I’ve never been handcuffed. Not by the police and not by a lover. Or a police lover, for that matter. It takes great domination to convince someone to have them cuffed to a bed when they are in their most vulnerable state; bearded, drunk and naked. Because then you are saying, it doesn’t matter how pressed you are, I will release you when I want to. This is also the only situation one can use the word “behest.” I have never been to jail for breaking or entering. Or kidnapping. Or stood before a judge for making an illegal U-turn and telling the traffic cop, “Can I see your force number?” But I have been to a police cell to take someone Fanta.
I have never been to a rally. Or carried placards over my head as an aggravated statement of my social or even political consciousness. I have never had to read the newspapers write “…the crowd engaged police in running battles” and thought excitedly, “Hey, I was there. I was part of those running battles.” I have never been thrown in the back of a police van together with other degenerates who rubbed the law in the wrong place. I have never had to wear a tee-shirt with a robust message I strongly believe in. But like most of us, I have at some point or the other, had to remove a shirt off someone, a shirt with a message we might have believed in, like “Dirt is Good.”
I’ve never been to a place with a large mass of people who are strongly galvanized in their assembly. A place charged with reason and conviction, that breathes loudly with its own righteousness. I have never been to those places where everybody wants their voice to be heard above the rest, but also to add to the rest. A groundswell. A raging beauty of love, of purpose. That’s maybe because I have not been angry enough, impassioned enough or brave enough.
Well, until last Saturday.
I’m seated in a bar – as one should on a Saturday- and two gentlemen of the Luo persuasion are having a conversation. I know these two gentlemen, one is called Hezy, who happens to be my cousin and the other is called Japs, who happens to be my friend. They are talking about a derby. I’m half listening of course, and wondering that perhaps these two gentlemen have gotten into horse breeding or polo. It turns out that this derby is actually a match. A football match. Yeah, why call it a football match like the rest of the peasant populace, if you can just call it a derby? You know, tie it nicely in a bow. Derby has a ring to it. Some place where people wear red shorts and white shoes and smoke cigars. A derby.
Ben tells me, “You should come for the derby tomorrow.”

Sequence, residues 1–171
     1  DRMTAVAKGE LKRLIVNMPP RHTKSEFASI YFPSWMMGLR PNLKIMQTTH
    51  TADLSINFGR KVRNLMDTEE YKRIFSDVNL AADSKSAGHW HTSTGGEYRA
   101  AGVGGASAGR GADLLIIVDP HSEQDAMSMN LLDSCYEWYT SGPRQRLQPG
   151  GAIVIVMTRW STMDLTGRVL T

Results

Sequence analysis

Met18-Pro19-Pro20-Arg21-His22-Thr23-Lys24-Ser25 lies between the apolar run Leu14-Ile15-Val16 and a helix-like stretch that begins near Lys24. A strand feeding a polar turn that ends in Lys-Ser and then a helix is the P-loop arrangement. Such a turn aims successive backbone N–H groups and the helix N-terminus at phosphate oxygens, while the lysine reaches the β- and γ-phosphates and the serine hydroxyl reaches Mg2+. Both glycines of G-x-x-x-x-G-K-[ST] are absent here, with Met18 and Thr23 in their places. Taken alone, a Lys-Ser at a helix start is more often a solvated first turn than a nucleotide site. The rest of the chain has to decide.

I say, “What’s happening?”
“There is a cookout, what do you think? We are playing AFC.”
Hezy cuts in, “No, we are going to train AFC how to play.”
That sounds as exciting to me as eating an ageing boiled octopus. I don’t care about football. It’s never moved my needle. The flu of hullabaloo has never caught me. Also, the very idea of going to a stadium doesn’t inspire me. The first and last time I went to a stadium, any stadium, was to watch another Gor – AFC match at Nyayo Stadium in 2002 on the persuasion of my close friend, Sande, now resting with angels. It was disastrous. During the match, someone had stood up and shouted at the referee, “Ongeee bwana!” This is normally not a good sign. Under any circumstances. If you ever hear that, find the fast exit because soon after, there was complete and utter bedlam and stones rained on the pitch which spilled outside into running battles on the highway. Someone died that day.
So, no. Not my cuppa. Thanks.
Hezy told me that at some point in life, one has to be intensely passionate about something. I said I’m passionate about writing. He said no, something that isn’t work. I said writing isn’t work. He said no, something else. I said I’m now passionate about grass; the Maadi river grass. He said no, you need a cause. A movement. Something close to your heritage. A contribution to something that will outlast us when this bar we sit in is flattened by time, something you can pass over to your daughters and sons that isn’t a blood group. You have to be counted, he said, as a man, as a Kenyan and as a Luo. You have to add your voice to the voice of your people. You either do politics or you do Gor Mahia. And you can’t sit on the fence. This is no time to sit on the fence, he said. This is a time to believe. “Belonging!” He roared. He’s a tall big guy with thick biceps. And he was indoctrinating me, him a Gor supporter since God was a boy.
“Besides,” he added, “Agire is coming.” Agire is our cousin who works and lives in Nakuru. We call him Ndugu because he calls everybody Ndugu. Quite the character. His love for football is on the obsession side of it, sometimes veering off into pseudo-hooliganism depending on who you ask. His loyalty to Gor is on the paranormal. A dyed-in-the-wool supporter, he travels everywhere the team plays. Everywhere. He develops a fever when they lose. At the pearly gates, when he’s stopped and asked by the angel how he filled his time on earth he will probably say, “I supported God’s team.” He just doesn’t see God supporting Sofapaka because it sounds like a brand of matchstick. Even to me, a highly unsophisticated and greatly underdeveloped football fan.
I told Hezy, “I don’t think Agire can come. He’s still recovering.” He was involved in a hit and run three weeks ago. A motorist hit him while out jogging, broke his front teeth and shook his jaw.
“He’s coming,” Hezy said with conviction because no broken teeth can keep away a Gor fan. “We will get tickets for you.”
“How much are they?”
“We will just get the usual VIP tickets,” Japs chipped in.